But some pranksters are using satire to make their point about flimsy irredentist pretexts.  An unknown group is circulating on social media a petition to make the city of Donetsk part of the United Kingdom. The reasoning is that Donetsk was founded as a factory town in 1869 by a businessman from Wales named John Hughes.  The town was originally called Yuzovka, which to Russian ears sounds close enough to Hughes’s name.  Though the petition gathered over 7,000 signatures in the first few days, there was almost certainly no hope behind it.  The prank can also be seen as a dark commentary on how different things would be if Ukraine, or any part of it, were in NATO.

John Hughes’ statue in downtown Donetsk—almost as heroic-looking as Lenin’s
Russia’s “far abroad”: Alaska
Much of the concern over where Putin might seek to march his soldiers next has focused on what Russian nationalists call their “near abroad,” i.e. the parts of the former Soviet Union outside the Russian Federation.  But these are not the only formerly Russian-ruled parts of the world, if Moscow wants to get truly ambitious in their irredentism.  There is also Russian America, i.e. Alaska, which Czar Alexander II sold to the United States in 1867.  Now there is a new petition on the White House’s “We the People” online petition page titled “Alaska Back to Russia.”  Placed there on March 21st, the petition gathered over 10,000 signatures in three days.  At this writing (March 25th), it has 24,129, almost a quarter of the way to the 100,000 required for an obligatory response from the White House.  As reported in this blog at the time, this petition site was the forum for a raft of declarations of independence from the U.S. following the reelection of Barack Obama in 2012.  Not surprisingly, most of those were from the former Confederate States of America, but all states were represented (plus the Republic of Molossia and the State of Jefferson), and only Texas’s petition reached 100,000.  (Obama’s answer: fuhgeddaboudit.)

The good old days—at least according to 24,129 Alaskans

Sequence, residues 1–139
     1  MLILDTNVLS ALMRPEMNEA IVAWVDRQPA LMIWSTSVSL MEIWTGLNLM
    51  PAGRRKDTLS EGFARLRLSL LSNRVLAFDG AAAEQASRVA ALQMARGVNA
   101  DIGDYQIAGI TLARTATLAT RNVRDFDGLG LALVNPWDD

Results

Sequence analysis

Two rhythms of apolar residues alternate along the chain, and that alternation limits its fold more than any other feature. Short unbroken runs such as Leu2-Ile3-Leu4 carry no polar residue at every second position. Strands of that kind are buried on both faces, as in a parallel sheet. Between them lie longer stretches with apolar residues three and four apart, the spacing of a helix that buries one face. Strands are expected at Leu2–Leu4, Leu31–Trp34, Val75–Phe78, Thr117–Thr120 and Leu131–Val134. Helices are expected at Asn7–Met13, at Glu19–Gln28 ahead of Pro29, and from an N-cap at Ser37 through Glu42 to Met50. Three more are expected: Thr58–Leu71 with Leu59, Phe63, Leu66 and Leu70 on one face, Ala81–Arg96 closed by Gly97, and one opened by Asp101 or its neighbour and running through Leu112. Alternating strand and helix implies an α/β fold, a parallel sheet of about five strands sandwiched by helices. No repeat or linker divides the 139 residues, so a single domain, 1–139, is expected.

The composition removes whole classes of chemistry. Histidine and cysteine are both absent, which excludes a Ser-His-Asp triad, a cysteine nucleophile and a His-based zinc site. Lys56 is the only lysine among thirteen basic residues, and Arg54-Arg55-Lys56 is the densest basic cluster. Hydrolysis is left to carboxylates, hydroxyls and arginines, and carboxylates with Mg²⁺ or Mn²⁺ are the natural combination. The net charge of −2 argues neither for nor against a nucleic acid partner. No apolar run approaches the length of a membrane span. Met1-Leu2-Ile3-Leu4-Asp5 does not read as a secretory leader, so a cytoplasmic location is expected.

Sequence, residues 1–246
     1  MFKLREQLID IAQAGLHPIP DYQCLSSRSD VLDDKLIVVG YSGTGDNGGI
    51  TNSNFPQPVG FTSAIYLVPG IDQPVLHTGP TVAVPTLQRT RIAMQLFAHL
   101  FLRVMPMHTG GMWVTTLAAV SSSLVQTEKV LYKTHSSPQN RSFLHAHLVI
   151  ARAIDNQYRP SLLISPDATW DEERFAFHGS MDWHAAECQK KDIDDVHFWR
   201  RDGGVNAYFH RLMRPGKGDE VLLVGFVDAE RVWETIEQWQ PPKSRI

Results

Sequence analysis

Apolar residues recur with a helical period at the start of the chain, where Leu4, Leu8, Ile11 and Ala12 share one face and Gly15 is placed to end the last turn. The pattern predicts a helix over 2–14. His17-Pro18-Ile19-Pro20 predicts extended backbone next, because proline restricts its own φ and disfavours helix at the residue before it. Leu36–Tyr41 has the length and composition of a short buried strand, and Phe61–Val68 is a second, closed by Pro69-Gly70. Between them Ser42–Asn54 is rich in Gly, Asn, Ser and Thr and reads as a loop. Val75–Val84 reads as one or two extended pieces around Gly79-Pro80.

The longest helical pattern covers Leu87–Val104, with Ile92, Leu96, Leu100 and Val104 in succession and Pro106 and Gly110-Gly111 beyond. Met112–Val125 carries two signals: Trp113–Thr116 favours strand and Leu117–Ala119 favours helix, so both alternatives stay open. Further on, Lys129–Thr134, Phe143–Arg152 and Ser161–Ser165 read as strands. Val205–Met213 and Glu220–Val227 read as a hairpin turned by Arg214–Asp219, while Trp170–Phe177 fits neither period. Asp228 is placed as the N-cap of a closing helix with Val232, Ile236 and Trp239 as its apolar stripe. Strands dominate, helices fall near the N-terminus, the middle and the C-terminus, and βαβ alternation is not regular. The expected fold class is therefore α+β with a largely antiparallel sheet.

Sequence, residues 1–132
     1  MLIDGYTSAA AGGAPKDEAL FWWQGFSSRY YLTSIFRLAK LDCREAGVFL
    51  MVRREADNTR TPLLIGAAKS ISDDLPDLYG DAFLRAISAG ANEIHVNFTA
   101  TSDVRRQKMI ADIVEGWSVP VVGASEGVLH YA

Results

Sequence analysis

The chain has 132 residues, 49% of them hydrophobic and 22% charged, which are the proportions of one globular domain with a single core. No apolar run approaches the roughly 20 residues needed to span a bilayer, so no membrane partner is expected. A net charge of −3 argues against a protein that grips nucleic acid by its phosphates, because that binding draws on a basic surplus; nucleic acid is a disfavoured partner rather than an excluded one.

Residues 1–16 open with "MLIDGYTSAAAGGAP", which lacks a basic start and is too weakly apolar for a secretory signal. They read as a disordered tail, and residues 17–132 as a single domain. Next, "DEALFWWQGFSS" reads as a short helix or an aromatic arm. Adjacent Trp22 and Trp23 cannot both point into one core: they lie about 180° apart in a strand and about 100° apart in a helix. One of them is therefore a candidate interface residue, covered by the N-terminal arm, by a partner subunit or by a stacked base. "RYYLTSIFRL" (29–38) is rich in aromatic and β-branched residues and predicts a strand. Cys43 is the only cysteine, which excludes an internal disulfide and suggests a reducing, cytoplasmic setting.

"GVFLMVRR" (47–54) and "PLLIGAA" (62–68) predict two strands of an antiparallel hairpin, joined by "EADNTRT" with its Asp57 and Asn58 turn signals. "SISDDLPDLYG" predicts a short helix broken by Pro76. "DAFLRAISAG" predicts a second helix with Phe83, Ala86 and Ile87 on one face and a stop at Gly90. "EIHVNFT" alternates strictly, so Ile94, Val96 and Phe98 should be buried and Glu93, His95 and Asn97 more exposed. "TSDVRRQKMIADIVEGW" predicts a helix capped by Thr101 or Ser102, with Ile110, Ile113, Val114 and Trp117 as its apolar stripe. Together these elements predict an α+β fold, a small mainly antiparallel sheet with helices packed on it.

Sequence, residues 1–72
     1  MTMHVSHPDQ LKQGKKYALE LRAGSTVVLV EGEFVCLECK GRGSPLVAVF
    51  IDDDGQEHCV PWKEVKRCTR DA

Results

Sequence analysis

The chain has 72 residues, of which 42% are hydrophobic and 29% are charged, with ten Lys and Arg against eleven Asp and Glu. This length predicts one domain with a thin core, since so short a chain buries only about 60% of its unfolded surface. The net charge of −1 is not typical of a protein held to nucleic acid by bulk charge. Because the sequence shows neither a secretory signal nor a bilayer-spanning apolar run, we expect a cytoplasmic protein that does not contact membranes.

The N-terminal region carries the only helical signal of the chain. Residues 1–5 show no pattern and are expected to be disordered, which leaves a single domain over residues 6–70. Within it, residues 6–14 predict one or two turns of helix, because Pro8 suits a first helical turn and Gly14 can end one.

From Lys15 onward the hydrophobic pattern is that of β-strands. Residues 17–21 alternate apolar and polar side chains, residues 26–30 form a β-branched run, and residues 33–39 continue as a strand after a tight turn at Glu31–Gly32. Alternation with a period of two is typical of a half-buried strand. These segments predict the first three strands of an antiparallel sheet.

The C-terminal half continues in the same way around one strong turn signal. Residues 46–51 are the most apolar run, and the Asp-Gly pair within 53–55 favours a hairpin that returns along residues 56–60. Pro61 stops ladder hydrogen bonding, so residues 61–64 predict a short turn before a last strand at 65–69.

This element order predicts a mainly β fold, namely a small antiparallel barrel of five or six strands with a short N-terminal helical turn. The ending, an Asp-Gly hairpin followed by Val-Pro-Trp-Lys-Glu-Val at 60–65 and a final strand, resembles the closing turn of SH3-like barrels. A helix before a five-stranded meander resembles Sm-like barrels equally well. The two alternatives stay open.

It is hard to know what to make of the “back to Russia” petition.  The petitions are posted anonymously, as are the signatures, but the location of the originating computer is recorded, and this one was posted by someone in Anchorage.  That doesn’t mean he or she is an American citizen.  In fact, this petition’s tortured syntax can well be imagined as that of a Russian with partial knowledge of English.  It reads: “Groups Siberian russians crossed the Isthmus (now the Bering Strait) 16-10 thousand years ago.  Russian began to settle on the Arctic coast, Aleuts inhabited the Aleutian Archipelago.  First visited Alaska August 21, 1732, members of the team boat St. Gabriel under the surveyor Gvozdev and assistant navigator I. Fedorov during the expedition Shestakov and DI Pavlutski 1729-1735 years.  Vote for secession of Alaska from the United States and joining Russia.”  Although it is approximately as coherent and sound as Putin’s rationale for invading Crimea, it is difficult to know if this is a Russian or American attempting a parody of the Crimean situation or if it is the work of a Russian provocateur trying to stir up separatism in Alaska.  The latter sounds unlikely until one considers the off-kilter understanding that even powerful Russian officials seem to have of the West.  The Russian media are full of stories about all the separatist movements in Europe and America—as though the existence of a few drooling hillbillies with “Republic of Texas” bumper stickers on their bricked-up pick-ups somehow are evidence that Obama is a rank hypocrite for objecting to Crimean separatism.  Perhaps the petition is the work of a bored and slightly unhinged Russian agent’s idea of “stirring the pot.”

In 1826, Russian settlers and Tlingit Indians traded goods—and sometimes
gunfire—at Novo-Arkhangelsk, today called Sitka.  Could it happen again?